How Hauling Icebergs Can Save the World’s Thirstiest Regions

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How Hauling Icebergs Can Save the World’s Thirstiest Regions

Sydney Fish, Contributor

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Some of the world’s largest cities face a shortage of drinking water. The main regions in need of water are India, South Africa, and Saudi Arabia.  This idea of towing icebergs thousands of miles from Antarctica to starving regions, and producing fresh water has been discussed since the 1970’s. Abdulla Asheila, a founder of the National Advisor Bureau said, “1.2 billion people don’t have access to clean water, and by 2050, 50 percent of the world will face water shortages. Water shortages can cause crops to die, wells dry out, and people would have to be strict on the amount of water that they are drinking. The way they plan to haul the icebergs is by throwing nets and chains onto it and towing it behind a boat to Australia or South Africa. If this plan succeeds then they will sell it to the government. This whole plan would ultimately cost 60 million dollars. Asheila eventually would end up needing more people to help with this plan, so experts from France, Norway, and South Africa would pitch in. These experts planned to create their own mission by raising funds. Their mission was to tow an iceberg to Cape Town in South Africa. Cape Town had a severe loss of water which eventually made them limit their shower time to 90 seconds. The iceberg is 2,000 by 7,000 feet and weighs around 100 million tons. These types of icebergs are too heavy to tow with one boat so their plan was to call for the vessels to speed the process. The plan to obtain the water is by crushing the iceberg when it is offshore, then they would load the ice onto tanker ships then take it to shore. After that, the water would be purified and sold to private water companies and the government. One of the main problems is that the icebergs will end up melting on the way and fall apart when it is being delivered. A glaciologist from University of Washington said, “Transporting ice over these distances will be a major challenge. Not only do they have to deal with losses of ice due to direct melting, they have to prevent the mechanical breakup of the iceberg as surface melt accumulates any pre-existing weaknesses will affect the iceberg’s resilience to warm ocean water, warm air and stresses induced by towing.” Ashelia figured out a way to solve this problem. Ashelia said, “about 30 percent of a large iceberg would melt on the trip from Antarctica to the UAE. The enormous quantities of fresh water trapped within 100 million and 200 million cubic Meters would be enough to meet the drinking water needs of one million people for five years.” Even though Ashelia said a third of it would be lost, it would be enough to make a difference. This whole process will be able to solve most of the water shortage problems. It is very important to save water especially because no one knows when and where the next water shortage will be hauling icebergs will save these places with water shortage.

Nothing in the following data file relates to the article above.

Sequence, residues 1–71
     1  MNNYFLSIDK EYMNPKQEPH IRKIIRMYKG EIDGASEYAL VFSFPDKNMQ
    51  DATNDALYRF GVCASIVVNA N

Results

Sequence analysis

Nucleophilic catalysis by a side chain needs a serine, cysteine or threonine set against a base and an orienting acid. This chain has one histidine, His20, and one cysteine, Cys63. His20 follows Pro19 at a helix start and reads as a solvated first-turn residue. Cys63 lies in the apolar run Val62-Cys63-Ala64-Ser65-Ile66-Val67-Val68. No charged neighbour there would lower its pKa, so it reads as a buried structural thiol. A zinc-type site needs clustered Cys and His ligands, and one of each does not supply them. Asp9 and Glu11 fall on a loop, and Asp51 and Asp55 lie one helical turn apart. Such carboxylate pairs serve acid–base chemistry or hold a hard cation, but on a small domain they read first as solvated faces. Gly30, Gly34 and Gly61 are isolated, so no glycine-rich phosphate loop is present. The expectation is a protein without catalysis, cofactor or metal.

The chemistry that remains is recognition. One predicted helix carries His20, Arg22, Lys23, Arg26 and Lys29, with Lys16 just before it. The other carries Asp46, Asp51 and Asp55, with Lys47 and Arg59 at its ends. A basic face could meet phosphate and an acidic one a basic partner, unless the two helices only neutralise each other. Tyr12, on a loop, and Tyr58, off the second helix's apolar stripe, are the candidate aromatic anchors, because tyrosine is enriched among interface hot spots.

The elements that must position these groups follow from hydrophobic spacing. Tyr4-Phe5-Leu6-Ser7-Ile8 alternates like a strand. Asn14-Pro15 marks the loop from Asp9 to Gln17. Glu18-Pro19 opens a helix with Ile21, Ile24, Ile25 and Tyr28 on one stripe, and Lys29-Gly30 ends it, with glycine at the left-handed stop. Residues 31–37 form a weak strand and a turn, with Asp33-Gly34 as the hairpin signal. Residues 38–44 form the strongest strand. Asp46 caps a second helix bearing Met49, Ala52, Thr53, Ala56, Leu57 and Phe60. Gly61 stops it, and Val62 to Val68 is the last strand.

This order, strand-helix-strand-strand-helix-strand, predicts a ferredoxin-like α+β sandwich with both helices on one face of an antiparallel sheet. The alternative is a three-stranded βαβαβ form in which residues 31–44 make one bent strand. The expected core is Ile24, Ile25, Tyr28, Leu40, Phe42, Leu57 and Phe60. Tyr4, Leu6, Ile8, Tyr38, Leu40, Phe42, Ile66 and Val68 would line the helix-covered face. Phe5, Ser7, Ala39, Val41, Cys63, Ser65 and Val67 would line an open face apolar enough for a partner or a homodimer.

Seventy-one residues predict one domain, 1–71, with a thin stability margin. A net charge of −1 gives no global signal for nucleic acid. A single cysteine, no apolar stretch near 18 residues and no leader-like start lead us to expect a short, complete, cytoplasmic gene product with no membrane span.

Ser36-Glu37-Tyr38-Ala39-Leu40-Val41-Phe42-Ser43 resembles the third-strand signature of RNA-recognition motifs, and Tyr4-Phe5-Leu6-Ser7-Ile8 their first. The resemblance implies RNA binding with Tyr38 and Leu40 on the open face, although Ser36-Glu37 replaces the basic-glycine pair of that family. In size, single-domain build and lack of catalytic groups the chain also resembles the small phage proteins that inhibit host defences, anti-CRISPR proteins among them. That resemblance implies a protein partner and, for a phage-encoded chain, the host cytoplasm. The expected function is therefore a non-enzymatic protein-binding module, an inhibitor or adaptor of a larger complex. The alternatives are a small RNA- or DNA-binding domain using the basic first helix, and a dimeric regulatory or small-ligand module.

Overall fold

https://www.nbcnews.com/mach/science/how-hauling-icebergs-could-help-sustain-world-s-thirstiest-regions-ncna898036

https://www.nbcnews.com/mach/science/how-cool-roofs-can-pull-plug-water-shortages-ncna814296

 

 

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Sydney Fish, Contributor

My name is Sydney Fish. I am a senior.

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How Hauling Icebergs Can Save the World’s Thirstiest Regions